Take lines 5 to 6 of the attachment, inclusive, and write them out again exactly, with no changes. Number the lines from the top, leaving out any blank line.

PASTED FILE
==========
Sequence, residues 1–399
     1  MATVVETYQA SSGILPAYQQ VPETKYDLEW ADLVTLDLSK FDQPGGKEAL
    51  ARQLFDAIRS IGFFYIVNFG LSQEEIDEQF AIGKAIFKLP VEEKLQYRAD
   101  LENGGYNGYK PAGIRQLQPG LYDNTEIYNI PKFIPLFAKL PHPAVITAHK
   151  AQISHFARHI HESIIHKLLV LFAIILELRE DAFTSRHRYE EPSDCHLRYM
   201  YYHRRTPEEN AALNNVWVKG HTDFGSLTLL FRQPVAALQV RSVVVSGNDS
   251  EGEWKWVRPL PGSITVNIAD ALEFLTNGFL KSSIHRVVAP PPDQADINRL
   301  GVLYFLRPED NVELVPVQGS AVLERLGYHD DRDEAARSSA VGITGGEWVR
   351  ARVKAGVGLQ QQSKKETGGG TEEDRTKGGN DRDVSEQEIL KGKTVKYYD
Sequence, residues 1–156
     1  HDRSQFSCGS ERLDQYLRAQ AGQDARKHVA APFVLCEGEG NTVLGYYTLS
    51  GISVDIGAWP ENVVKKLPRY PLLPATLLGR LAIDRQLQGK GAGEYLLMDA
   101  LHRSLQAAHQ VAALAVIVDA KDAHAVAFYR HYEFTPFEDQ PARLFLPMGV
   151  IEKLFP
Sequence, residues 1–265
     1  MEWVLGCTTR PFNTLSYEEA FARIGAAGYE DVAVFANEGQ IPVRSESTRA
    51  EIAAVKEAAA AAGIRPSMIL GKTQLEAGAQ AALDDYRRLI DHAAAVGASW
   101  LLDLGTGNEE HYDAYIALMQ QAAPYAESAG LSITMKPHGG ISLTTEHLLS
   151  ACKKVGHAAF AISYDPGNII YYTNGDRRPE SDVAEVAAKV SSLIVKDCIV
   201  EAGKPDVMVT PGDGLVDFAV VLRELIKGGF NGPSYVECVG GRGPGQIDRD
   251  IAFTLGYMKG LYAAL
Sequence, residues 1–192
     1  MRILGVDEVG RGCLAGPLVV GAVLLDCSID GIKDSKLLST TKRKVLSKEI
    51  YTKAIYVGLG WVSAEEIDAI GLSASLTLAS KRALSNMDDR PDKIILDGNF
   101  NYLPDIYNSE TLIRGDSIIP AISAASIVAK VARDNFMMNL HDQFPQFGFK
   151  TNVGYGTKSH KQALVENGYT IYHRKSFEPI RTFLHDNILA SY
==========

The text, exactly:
   151  AQISHFARHI HESIIHKLLV LFAIILELRE DAFTSRHRYE EPSDCHLRYM
   201  YYHRRTPEEN AALNNVWVKG HTDFGSLTLL FRQPVAALQV RSVVVSGNDS